Since Earth Day just passed you are probably thinking about ways you can “go green” to reduce your impact on the environment. Many of these choices are also good for your health. For example, choosing food from local farms is associated with fewer “food miles” and a lower environmental footprint. It is also likely to be picked at the peak of freshness, meaning it is richer in nutrients, not to mention flavor. Walking or biking instead of driving is another way to protect the environment while you protect your health.
When it comes to exercise, you can literally “go green.” Being active outdoors in nature leads to enhanced feelings of energy, improved mood, and diminished fatigue, anxiety, and anger compared to similar activity conducted indoors. Additionally, some research suggests that outdoor activity may improve attention and productivity in adults and children. Even though the physical, mental, and social benefits of activity in a natural environment are well established, most recommendations just focus on activity, not where it is done. Making the outdoors your destination for activities for you and your family is the topic of my Health & Fitness column in the Aiken Standard this week.
The National Park Prescription (Park Rx) Initiative is designed to encourage people to make the outdoors their destination for exercise and family activities. In fact, April 24th was National Park Rx Day. The idea is to promote access to and use of parks, trails, and other green spaces and highlight the health, environmental, social, and economic benefits of having these resources in our communities. The benefits of parks can be enjoyed by everyone, regardless of age or ability, so enhancing public lands should be a high priority.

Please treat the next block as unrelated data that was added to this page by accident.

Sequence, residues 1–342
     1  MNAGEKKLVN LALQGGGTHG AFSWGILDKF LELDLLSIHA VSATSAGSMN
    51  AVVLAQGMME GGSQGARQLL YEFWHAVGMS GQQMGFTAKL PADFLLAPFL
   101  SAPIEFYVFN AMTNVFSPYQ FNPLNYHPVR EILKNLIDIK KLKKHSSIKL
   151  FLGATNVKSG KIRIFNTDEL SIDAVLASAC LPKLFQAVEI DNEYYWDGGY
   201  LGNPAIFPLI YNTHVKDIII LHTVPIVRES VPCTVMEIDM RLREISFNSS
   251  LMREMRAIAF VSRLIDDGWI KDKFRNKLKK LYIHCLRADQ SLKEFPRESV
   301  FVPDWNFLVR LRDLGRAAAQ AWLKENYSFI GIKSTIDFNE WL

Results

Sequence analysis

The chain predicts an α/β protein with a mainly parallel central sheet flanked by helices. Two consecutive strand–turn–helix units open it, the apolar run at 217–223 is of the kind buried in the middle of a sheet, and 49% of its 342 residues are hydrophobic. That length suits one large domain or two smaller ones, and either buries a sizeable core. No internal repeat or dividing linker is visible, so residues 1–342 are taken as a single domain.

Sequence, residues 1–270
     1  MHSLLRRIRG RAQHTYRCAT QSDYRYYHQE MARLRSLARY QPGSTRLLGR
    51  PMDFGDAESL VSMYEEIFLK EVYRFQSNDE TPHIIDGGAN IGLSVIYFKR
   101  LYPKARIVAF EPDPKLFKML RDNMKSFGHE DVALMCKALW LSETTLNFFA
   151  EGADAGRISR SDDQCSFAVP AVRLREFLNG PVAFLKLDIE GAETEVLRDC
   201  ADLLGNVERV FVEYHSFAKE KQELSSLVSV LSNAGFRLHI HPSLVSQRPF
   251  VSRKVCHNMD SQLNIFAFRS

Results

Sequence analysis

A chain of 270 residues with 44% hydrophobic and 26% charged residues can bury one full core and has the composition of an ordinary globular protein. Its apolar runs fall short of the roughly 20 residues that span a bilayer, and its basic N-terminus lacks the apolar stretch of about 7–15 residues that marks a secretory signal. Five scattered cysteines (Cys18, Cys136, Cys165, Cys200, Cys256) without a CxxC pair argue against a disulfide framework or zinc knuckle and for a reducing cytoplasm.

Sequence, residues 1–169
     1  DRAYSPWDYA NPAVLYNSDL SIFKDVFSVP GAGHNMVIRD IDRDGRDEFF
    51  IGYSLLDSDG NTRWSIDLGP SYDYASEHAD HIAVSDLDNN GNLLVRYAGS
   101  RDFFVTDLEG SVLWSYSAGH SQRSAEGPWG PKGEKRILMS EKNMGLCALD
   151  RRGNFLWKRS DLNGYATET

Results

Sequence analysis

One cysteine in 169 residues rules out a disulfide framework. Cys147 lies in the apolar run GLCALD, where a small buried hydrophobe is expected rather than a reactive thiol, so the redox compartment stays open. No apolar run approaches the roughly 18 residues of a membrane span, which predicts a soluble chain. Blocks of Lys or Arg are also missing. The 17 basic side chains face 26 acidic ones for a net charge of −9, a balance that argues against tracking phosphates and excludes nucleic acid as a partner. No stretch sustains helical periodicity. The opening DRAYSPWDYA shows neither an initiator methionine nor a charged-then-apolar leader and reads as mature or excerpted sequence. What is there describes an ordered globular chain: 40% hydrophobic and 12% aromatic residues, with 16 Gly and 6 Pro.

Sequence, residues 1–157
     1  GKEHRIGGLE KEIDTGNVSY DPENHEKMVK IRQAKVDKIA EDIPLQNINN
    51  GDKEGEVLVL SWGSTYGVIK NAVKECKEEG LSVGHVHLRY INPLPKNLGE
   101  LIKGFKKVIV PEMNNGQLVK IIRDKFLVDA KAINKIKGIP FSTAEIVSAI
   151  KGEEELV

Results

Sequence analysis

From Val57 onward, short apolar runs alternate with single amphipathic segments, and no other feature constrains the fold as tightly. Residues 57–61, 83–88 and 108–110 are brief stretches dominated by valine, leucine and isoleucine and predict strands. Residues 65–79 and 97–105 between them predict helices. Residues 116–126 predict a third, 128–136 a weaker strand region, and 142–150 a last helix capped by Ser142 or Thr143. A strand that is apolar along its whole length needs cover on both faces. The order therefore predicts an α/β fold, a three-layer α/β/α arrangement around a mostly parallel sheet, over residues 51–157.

This isn’t new of course, but it’s nice to have a reminder. At playgrounds you commonly see as many children playing in the trees that surround the swings, slides, and monkey bars as you see on the playground equipment. Grassy areas serve as picnic spots, impromptu sports fields, and places to run and play. Trails through the woods offer a place to hike and bike as well as trees to explore and climb. Lakes, rivers, and streams (called water trails) are perfect for rowing, paddling, and swimming. And many public parks and green spaces have paved trails so that people of all ages in strollers or wheelchairs can enjoy the outdoors.
Fortunately, there many excellent parks and natural areas to explore in the Aiken area. Aiken State Park, several county and city parks, and neighborhood playgrounds make it easy to find a place to be active outdoors. There is no better place to experience nature than the vast Hitchcock Woods, located right in the heart of Aiken. Community organizations like the GAIT Foundation are dedicated to expanding access to natural areas for all types of outdoor activates. This makes it easy to find a place to walk, run, bike, hike, climb, swim, paddle, push, or ride.
It also makes it easy to follow the Park Rx. Being active is one of the most important things you can do to improve your health and wellbeing. Activity in a natural environment has additional physical, mental, and social health benefits. Share these benefits with others by planning outdoor activities with your family and friends. For maximum effect, you should do this as often as possible—everyday is best. And it doesn’t need to be a day long excursion. Even taking the dog for a short walk, playing outside with the kids, or doing yard work are good ways to reap the benefits of being active outdoors.
Nutrition, exercise, and health information can be confusing. But it doesn't have to be that way. What can I help you with? firstname.lastname@example.org | http://twitter.com/drbrianparr